Consumer Group Responds to Governor Schwarzenegger’s Incorrect Claims About the Impact of Medical Malpractice Caps

Consumer Group Responds to Governor Schwarzenegger's Incorrect Claims About the Impact of Medical Malpractice Caps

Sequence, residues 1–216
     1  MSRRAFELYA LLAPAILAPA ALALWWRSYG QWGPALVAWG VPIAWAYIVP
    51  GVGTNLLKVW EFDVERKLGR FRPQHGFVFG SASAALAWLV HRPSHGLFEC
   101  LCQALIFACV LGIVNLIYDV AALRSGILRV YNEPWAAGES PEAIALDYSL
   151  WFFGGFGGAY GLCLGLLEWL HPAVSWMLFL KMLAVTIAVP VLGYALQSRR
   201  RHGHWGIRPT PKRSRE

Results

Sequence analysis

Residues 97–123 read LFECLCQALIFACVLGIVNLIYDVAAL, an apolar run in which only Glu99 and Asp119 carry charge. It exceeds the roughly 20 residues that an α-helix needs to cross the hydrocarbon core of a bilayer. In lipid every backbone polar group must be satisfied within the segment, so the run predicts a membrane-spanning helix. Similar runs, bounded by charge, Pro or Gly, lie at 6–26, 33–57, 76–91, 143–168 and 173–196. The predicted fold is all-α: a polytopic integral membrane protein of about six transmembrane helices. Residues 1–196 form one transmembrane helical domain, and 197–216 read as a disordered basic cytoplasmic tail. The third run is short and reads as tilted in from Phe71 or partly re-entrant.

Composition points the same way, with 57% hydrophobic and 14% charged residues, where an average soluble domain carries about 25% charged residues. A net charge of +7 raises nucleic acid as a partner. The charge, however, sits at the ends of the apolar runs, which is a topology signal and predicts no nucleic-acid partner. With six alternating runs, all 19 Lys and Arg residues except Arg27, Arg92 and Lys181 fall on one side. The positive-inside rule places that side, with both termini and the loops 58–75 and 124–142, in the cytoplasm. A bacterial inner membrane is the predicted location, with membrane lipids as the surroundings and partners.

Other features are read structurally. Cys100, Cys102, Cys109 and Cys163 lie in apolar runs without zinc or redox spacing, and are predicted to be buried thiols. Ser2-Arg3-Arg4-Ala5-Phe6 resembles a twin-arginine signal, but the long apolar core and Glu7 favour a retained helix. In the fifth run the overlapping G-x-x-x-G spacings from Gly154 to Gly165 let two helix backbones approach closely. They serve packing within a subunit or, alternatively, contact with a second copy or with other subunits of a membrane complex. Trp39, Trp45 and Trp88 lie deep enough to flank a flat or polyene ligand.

Oct 29, 2009 Consumer Group Responds to Governor Schwarzenegger's Incorrect Claims About the Impact of Medical Malpractice CapsSANTA MONICA, Calif., Oct. 29 /PRNewswire-USNewswire/ -- Consumer Watchdogsent the following letter to Congressional leaders today in response to aletter sent by California Governor Arnold Schwarzenegger in which heincorrectly cited California's draconian limits on the legal rights of injuredpatients as a successful cost containment tool. Consumer Watchdog is anonpartisan nonprofit with offices in California and Washington, D.C. TheGovernor's October 27, 2009 letter is available atwww.gov.ca.gov/archive/press-releases/. October 29, 2009The Honorable Harry ReidMajority LeaderUnited States SenateWashington, DC 20510The Honorable Nancy PelosiSpeaker of the HouseU.S. House of RepresentativesWashington, DC 20515The Honorable Mitch McConnellMinority LeaderUnited States SenateWashington, DC 20510The Honorable John A. BoehnerMinority LeaderU.S. House of RepresentativesWashington, DC 20515Dear Senator Reid, Senator McConnell, Madam Speaker and Mr. Boehner,Tuesday, California Governor Arnold Schwarzenegger wrote you regarding his views on health care reform. While Consumer Watchdog has detailed its views on comprehensive federal health reform many times over the past year, we write today in response to a particular element of the debate addressed by Governor Schwarzenegger, in which he incorrectly cited California's draconian limits on the legal rights of injured patients as a successful cost containment tool.The plight of injured patients and families subject to unjust legal restriction in California has been well documented. Jury-ordered compensation been slashed by a one-size-fits-all damages cap unadjusted for three decades. Too many children, seniors and people with limited wage loss are unable to get legal representation and are locked out of the justice system altogether because of the restrictions. (See "Malpractice Law May Deny Justice," by Dan Costello, Los Angeles Times, December 29, 2007. For video testimony about the real impact of caps see http://www.JusticeForPatients.org.)That human toll, however, is not the subject of this letter. Our purpose is to correct Governor Schwarzenegger's analysis of the relationship between malpractice caps and malpractice premiums.California has, indeed, maintained severe caps on malpractice liability for doctors for more than 30 years, but the Governor ignores the fact that the caps did nothing to reduce doctors' insurance premiums for the first 13 years of the law. We have documented that premiums for California doctors went up by 450% between 1975 and 1988. Only after California voters enacted the comprehensive insurance regulatory system, known as Proposition 103, did doctors begin to see relief from skyrocketing malpractice rates. (You can read our study at http://www.consumerwatchdog.org/documents/1008.pdf.)In fact, in 2002 and 2003, medical malpractice insurers were attempting to push doctors' premiums skyward in California as in the rest of the nation. Our organization used Proposition 103's right to challenge insurers' rate proposals and fought off $66 million of attempted rate hikes. That is, even with the longstanding and severe malpractice caps in place, doctors in California were facing the same insurance hikes at the beginning of this decade that faced doctors everywhere.In our challenge to a proposed rate hike by one of California's largest medical malpractice insurers, SCPIE, the company's Vice President and chief actuary James Robertson testified:While MICRA was the legislature's attempt at remedying the medical malpractice crisis in California in 1975, it did not substantially reduce the relative risk of medical malpractice insurance in California. (A copy of the SCPIE testimony is available at http://www.consumerwatchdog.org/documents/2058.pdf.)The reason California doctors have fared comparatively well is not the limitations on patients' rights in California, but the voter-imposed limits on insurance company profiteering. We would be pleased to provide more details on this issue.Sincerely,Douglas Heller, Consumer Watchdogcc: The Honorable Max BaucusThe Honorable Christopher J. DoddThe Honorable Charles E. GrassleyThe Honorable Mike EnziThe Honorable Charles B. RangelThe Honorable Henry A. WaxmanThe Honorable George MillerThe Honorable Dave CampThe Honorable Joe BartonThe Honorable John KlineMembers of the California Congressional DelegationThe Honorable Arnold SchwarzeneggerSOURCE Consumer WatchdogDouglas Heller of Consumer Watchdog, +1-310-392-0522 ext. 309http://www.reuters.com/article/pressRelease/idUS262369+29-Oct-2009+PRN20091029

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